THE Federal Government should use next month’s Budget to advance policy commitments to help the financial services sector to get rid of old, substandard legacy products that do not benefit consumers, Financial Services Council CEO Sally Loane said today.
Ms Loane said the FSC had asked the government in its pre-Budget submission to deliver on a commitment to slash the red tape hindering the rationalisation of legacy products right across the financial services sector.
“Many FSC members have legacy products in managed investment schemes, life insurance, and superannuation,” Ms Loane said. “The FSC has estimated there are at least 600 legacy structures, each of which may contain multiple products, disadvantaging an estimated 2.44 million consumers.
“Our members have modernised their products over time, but customers with older products cannot easily be transferred into newer products. This is for several reasons, including significant tax liabilities triggered by shutting down legacy products, and a ‘better off’ test that is complex and expensive to apply. We have offered solutions to these barriers in our submission.
“Product rationalisation was a recommendation of the Financial Services Inquiry in 2014, which the government accepted. The problems with legacy products were also highlighted this year by the Royal Commission and in the Productivity Commission’s (PC) inquiry into superannuation. The PC estimated about $160 billion in superannuation assets alone were in legacy products in 2017.
“Consumers should not be worse off due to any transition to a newer product and will most likely be substantially better off in modern products with lower fees, better customer service, and improved accessibility.
“The FSC believes a rationalisation scheme should involve a test to ensure a rollover is in the interest of consumers as a whole, and removal of any taxes on the rollover.”
In its Budget submission, the FSC is also continuing calls for the government to implement a zero rate of non-resident withholding tax on Asia Region Funds Passport payments. This would bolster the success of Australia’s participation in the Funds Passport which started on February 1.
“The Funds Passport allows eligible managed funds to be marketed to retail investors in participating countries, however tax reform needs to take place to maximise its potential,” Ms Loane said.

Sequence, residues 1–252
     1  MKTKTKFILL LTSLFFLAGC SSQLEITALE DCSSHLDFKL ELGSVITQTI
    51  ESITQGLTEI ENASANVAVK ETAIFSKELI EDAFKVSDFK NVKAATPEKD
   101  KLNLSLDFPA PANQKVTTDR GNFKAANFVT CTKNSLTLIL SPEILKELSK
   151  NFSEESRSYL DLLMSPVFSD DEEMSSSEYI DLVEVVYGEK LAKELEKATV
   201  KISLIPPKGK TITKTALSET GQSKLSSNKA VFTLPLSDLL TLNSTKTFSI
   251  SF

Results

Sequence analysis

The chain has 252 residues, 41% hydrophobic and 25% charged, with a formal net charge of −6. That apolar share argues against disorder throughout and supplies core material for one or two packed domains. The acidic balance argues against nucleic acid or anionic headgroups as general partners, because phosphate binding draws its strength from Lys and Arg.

“The Australian tax regime for managed funds is complicated, with high tax rates and many exemptions – creating the impression our funds are highly taxed even though a very small amount of revenue is raised from the funds. Addressing our complex, uncompetitive tax system will enable the Passport to promote the exports of Australian funds.”
The FSC pre-budget submission also calls on the Federal Government to:
- Negotiate a tax treaty with Luxembourg and Hong Kong; address any financial services issues in existing tax treaties; and ensure that all new Free Trade Agreements are accompanied by a tax treaty.
- Pursue a cut in the overall corporate tax rate to 25 percent, preferably to 22 percent. Prioritise meeting existing commitments to address outstanding Investment Manager Regime (IMR) issues, extend the attribution regime to Investor Directed Portfolio Services, and fix outstanding issues with the Taxation of Financial Arrangements.
- Abandon the proposal to remove the CGT discount at fund level and replace it with a measure targeted at any investors that are inappropriately accessing the CGT discount. If any unfavourable changes to the Offshore Banking Unit (OBU) regime occur, offset the adverse effect of this by abandoning the proposed change to the CGT discount at fund level and proposed changes to the AMIT penalty regime.
The FSC’s 2019-20 Budget submission can be access here.
About the Financial Services Council
The Financial Services Council (FSC) has over 100 members representing Australia's retail and wholesale funds management businesses, superannuation funds, life insurers, financial advisory networks and licensed trustee companies. The industry is responsible for investing almost $3 trillion on behalf of more than 14.8 million Australians. The pool of funds under management is larger than Australia’s GDP and the capitalisation of the Australian Securities Exchange and is the fourth largest pool of managed funds in the world. The FSC promotes best practice for the financial services industry by setting mandatory Standards for its members and providing Guidance Notes to assist in operational efficiency.